Do household remedies really work? Whether it’s superstitions, family remedies passed down through the generations, or simply little tricks that you swear on, almost everyone has some unusual methods for fighting off common illnesses.
Indeed, many of us have anecdotes of strange things our parents made us do because they promised it would rid us of our ailments. Others resolutely believe there are items in their kitchen cupboards better at fighting off the common cold than anything you can buy from a pharmacy.
A mouthful of salty water
One of the standout findings was that over half of Britons – 56%, to be exact – have tried gargling salty water to get rid of a sore throat. And of this sizeable group, 68% say it does the trick. But does it work? Well, gargling warm salty water can actually help people with a sore throat; it provides symptomatic relief as well as having preventative benefits by pulling fluids out of the infected tissues in the throat.
Buttering up a burn
Turning to the more bizarre health remedies people rely upon, PharmacyOutlet.co.uk’s research showed that 19% of the UK public have applied butter to the burnt skin to ease the pain. However, this is not advisable – rubbing butter onto a burn could make the injury worse as it will slow the release of heat from the skin.
Read more at The Hippocratic Post
So you’ve decided you want to try out the high-fat, low-carb diet, better-known as the fat-burning ketogenic diet. Whether it’s to lose weight, have more energy, or fuel workouts differently, going keto is a popular choice right now. But figuring out a keto meal plan on your own is no easy feat, especially since eating a diet super high in fats doesn’t come naturally to many people who are accustomed to the traditionally carb-heavy American diet.
What’s more, it’s especially important to make sure your diet is well-planned when you’re eating keto-style, because the foods you can choose from are limited. In addition to checking in with a dietitian if you’re able, Stefanski recommends that you “talk to your doctor and make sure she or he is aware that you’ll be starting a diet that completely changes how your body metabolizes energy.”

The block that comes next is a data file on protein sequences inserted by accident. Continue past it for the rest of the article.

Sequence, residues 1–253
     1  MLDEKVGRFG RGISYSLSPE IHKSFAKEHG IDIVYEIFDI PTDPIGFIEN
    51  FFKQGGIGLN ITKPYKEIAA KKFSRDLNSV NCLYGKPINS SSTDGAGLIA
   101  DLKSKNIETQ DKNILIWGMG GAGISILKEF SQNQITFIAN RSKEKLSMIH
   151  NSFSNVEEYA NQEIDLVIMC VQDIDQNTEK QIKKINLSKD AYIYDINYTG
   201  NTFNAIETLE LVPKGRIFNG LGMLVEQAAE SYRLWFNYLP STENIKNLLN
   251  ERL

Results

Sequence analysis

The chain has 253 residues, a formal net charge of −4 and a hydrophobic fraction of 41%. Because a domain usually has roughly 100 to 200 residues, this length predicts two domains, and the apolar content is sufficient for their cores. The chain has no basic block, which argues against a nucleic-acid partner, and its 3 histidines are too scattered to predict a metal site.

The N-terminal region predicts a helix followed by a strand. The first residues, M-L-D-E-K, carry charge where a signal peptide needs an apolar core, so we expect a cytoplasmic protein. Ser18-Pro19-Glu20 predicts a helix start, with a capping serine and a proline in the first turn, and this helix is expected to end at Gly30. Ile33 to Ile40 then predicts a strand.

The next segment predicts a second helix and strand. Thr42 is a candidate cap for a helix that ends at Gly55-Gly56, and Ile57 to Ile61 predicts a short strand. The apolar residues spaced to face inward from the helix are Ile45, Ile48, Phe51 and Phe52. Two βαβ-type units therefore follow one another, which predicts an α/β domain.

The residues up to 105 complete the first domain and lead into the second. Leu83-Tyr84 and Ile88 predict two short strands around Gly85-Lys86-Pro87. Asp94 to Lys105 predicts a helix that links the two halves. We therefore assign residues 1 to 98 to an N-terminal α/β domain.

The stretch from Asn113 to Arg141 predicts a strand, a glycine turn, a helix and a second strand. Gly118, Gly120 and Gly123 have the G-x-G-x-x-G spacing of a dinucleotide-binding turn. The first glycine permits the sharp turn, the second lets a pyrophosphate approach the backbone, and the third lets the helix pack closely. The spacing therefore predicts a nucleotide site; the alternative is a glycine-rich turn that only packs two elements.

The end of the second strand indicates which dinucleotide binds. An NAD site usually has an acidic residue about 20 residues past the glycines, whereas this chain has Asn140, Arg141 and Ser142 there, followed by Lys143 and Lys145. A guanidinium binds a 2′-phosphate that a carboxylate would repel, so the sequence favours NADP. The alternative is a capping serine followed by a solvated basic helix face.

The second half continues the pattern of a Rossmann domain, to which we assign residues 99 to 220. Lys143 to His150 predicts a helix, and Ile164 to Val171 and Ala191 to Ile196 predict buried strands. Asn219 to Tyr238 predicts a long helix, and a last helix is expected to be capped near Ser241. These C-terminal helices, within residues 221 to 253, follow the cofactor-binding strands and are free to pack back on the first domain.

One area where food tracking can be especially helpful, though, is ensuring that you’re hitting the right ratios of macronutrients—protein, carbs, and fat. “The most researched version of the ketogenic diet derives 70 percent of calories from healthy fats, 20 percent from protein, and only 10 percent from carbs,” explains Charles Passler, D.C., nutritionist, and founder of Pure Change.
Lastly, if you’re active, you might need to make some adjustments to take that into account. “For the first one to two weeks, temporarily reducing your exercise load can be helpful as your body adjusts to being in ketosis,” he says. “Additionally, for those who have an intense workout schedule, carb cycling may be a good option.” Carb cycling essentially means you’ll increase your carb intake on the days you’re doing exercise, ideally just two to three days per week.
Full article in Shape
London [UK], Feb 5 (ANI): Mixing herbal remedies with conventional drugs can result in a wide range of dangers, according to a study.
The researchers uncovered dozens of cases in which alternative treatments appeared to have altered the effects of prescription medication, either diluting it, making it more potent or causing potentially dangerous side effects.
The paper turned up examples of patients who had suffered serious problems after taking herbal medicines alongside drugs including antidepressants and medication for HIV, epilepsy, heart disease.
Recent studies have shown it is possible for some active ingredients in herbal medicines to affect drug metabolism, speeding up the rate at which other medicines are broken down in the liver and reducing their effectiveness.
Previous research has suggested that St John’s wort, an over-the-counter herbal remedy for depression, could interact with a large number of medicines. It is thought to increase side effects of antidepressants and there is evidence it could reduce the effectiveness of drugs including warfarin, statins, antihistamines, birth control and HIV medication.
“If you are taking herbal remedies you should disclose it to your clinician,” said Awortwe. “A potential interaction and its consequences can be very detrimental to the health of the patient.”
It is nevertheless also important to recall the many instances where for-profit scientific breakthroughs have brought humanity dangerous products marketed by those with financial interests in them as silver bullets to our many problems.
Think asbestos, think DDT, think plastics and hundreds of other products. Think also of such disasters as Bhopal, Chernobyl, Fukushima and similar catastrophes whose damaging effects will last for thousands of years.
And nothing can be scarier than handing our food security to the ones whose abiding interest is to maximize their own profits, without any concern for the externalities they generate in pursuit of that narrow self-interest.
In falsely claiming no adverse health effects from GMOs (when they have done everything in their considerable power to prevent long-term studies of such effects), the GMO industry and their well-funded army of lobbyists already show they cannot be trusted. Thus the need to fully apply the precautionary principle to the introduction of their products and to put the onus on them to prove both the benefits and benign health effects of this highly-chemically impregnated ‘foods’.
Food is too critical to the survival of all living things and our environment to transfer to the control of those whose sole interest is narrow profit-maximization. Let us not commit mass suicide.
The News Times